The other day someone in a “FlyTalk” comment thread said that I regularly “bastardized” fly fishing. I guess I do write about heresies like, oh, Tenkara fishing and casting flies at carp. I’m also the rotten SOB who called strike indicators “training wheels,” said (appreciatively) that Czech nymphing was a drop-shot rig for moving water, and suggested that there are more important things for a trout angler to worry about than how to make an 80-foot overhead cast. I fish Muddler Minnows dry, Adams flies wet, I probably fish streamers more than I should, and do a lot of other “wrong” things. But I’ve never been accused of “bastardizing” fly fishing.
Absorbing shots from people hidden by screen names is an occupational hazard for any writer these days. But to tell you the truth, I feel kinda blue about this one. It makes me sad when people think innovation and experimentation amount to an assault on fly fishing culture.
After all, the stereotype of fly fishing is that it’s a static, stoic sport bound by rigid methodology, and the typical fly angler is a priggish prude. Yet the most exciting experiences—and the most interesting people—I have found in fly fishing have proven to be exactly the opposite. It also seems to me that the more we demonstrate the latter over the former, the brighter the future is for fly fishing.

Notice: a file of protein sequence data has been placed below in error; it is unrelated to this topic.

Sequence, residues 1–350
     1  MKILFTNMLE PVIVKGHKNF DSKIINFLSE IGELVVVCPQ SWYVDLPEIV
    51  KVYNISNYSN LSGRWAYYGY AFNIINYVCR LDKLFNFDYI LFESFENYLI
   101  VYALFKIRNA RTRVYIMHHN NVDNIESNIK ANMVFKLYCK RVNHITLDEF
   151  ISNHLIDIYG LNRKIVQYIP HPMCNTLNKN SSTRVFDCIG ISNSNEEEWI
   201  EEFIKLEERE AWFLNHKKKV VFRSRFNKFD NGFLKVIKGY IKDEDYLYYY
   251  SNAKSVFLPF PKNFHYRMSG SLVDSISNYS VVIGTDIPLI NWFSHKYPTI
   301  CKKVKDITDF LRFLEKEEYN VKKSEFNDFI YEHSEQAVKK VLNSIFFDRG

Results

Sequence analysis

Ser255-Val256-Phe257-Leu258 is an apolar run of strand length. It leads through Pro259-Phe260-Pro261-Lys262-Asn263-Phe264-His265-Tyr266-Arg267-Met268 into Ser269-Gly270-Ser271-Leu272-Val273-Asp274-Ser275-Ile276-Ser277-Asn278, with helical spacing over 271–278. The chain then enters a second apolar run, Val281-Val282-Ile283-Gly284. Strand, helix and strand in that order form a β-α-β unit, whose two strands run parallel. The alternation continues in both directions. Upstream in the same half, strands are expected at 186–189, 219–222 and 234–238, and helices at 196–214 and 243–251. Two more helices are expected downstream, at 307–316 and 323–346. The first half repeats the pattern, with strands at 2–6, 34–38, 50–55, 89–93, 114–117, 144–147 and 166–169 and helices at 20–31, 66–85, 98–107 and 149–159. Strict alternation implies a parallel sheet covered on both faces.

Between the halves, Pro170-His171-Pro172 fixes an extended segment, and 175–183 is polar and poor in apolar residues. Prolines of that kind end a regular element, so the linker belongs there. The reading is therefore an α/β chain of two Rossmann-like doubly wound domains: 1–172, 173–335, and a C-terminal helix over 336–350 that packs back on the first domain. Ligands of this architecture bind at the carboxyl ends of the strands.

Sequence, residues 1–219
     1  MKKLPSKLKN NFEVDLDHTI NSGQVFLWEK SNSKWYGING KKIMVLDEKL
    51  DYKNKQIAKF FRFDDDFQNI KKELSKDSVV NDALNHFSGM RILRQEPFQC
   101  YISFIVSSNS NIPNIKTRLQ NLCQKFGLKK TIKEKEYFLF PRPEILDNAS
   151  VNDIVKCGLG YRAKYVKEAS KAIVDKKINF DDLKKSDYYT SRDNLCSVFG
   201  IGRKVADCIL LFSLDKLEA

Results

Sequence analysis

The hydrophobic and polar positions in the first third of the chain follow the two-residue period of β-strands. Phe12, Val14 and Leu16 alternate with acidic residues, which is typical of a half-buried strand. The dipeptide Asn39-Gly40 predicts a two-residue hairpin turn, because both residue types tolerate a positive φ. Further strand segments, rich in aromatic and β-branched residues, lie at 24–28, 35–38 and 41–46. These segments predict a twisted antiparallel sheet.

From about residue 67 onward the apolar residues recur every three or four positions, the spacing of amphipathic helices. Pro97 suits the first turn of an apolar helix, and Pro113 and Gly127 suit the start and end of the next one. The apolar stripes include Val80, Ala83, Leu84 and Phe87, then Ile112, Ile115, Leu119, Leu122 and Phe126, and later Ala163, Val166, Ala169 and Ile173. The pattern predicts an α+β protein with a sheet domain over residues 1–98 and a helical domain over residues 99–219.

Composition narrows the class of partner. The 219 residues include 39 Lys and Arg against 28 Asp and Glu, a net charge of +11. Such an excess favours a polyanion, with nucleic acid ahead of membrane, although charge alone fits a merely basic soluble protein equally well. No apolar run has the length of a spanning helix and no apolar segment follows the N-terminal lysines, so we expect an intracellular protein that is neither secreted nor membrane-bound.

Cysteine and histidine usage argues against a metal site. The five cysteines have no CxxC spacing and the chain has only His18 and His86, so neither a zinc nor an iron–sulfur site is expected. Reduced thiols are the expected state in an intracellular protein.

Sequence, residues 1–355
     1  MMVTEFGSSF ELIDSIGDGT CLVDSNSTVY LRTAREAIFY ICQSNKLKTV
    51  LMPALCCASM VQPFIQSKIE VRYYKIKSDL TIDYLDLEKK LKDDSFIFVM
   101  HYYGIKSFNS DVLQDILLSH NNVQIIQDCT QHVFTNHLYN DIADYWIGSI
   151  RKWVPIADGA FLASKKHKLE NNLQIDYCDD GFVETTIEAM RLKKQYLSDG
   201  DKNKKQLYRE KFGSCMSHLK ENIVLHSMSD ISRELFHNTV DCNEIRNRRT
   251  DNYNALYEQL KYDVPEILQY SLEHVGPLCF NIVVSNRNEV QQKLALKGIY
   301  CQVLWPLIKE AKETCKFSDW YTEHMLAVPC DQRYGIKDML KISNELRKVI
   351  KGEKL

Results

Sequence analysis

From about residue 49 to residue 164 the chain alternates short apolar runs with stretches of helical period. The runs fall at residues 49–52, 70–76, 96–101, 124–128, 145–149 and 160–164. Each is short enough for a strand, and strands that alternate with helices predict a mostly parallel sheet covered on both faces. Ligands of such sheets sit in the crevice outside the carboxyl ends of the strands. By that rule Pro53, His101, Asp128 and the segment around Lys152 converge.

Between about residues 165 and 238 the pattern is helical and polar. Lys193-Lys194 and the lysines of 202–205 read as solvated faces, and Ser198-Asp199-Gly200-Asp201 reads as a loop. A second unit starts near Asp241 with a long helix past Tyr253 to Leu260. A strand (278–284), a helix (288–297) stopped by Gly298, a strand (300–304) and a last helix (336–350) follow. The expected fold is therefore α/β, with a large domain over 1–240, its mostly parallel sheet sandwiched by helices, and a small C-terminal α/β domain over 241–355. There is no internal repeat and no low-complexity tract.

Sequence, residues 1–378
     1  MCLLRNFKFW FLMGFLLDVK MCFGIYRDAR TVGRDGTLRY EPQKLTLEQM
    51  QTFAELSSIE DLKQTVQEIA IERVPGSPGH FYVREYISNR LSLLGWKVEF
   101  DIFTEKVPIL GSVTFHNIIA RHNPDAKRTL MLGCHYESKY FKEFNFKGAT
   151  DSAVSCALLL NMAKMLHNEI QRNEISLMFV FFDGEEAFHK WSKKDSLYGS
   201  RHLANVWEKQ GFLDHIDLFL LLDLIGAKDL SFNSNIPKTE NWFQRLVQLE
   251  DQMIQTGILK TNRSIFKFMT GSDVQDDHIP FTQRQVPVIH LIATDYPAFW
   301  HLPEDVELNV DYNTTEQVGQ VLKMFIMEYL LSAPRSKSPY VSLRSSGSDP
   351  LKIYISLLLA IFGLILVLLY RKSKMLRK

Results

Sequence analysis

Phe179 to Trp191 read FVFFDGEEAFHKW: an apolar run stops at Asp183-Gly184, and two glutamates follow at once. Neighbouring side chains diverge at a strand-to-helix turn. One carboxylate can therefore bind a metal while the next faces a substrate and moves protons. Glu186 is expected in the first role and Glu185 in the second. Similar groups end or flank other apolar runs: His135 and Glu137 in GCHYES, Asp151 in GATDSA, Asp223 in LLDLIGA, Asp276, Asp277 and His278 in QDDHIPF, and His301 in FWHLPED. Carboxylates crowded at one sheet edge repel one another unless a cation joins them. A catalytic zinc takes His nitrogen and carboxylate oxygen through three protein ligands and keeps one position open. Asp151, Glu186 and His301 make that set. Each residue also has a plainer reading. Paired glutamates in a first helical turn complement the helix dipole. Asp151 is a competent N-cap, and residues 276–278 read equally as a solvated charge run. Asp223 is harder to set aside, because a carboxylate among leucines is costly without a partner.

Indeed there are important traditions that should be understood, respected and preserved. I don’t think I’ve ever said a pure casting stroke was a bad thing. Nothing wrong with cane rods and Pale Morning Dun dry flies fished upstream either.
But traditions—in art, in jazz music, and indeed in fly fishing—can also be used as the stepping off points for improvisation. They should be. After all, minus a new twist, it just becomes “production.” And nothing, in my mind, could be further from the core reasons why many of us choose to fly fish in the first place.
The guy who complains that experimenting with new techniques and tactics is bastardizing the sport, is like the frustrated junior high school band conductor, yelling for everyone to get on the same sheet of music.
Let me tell you something. It isn’t going to happen.
And thank goodness for that.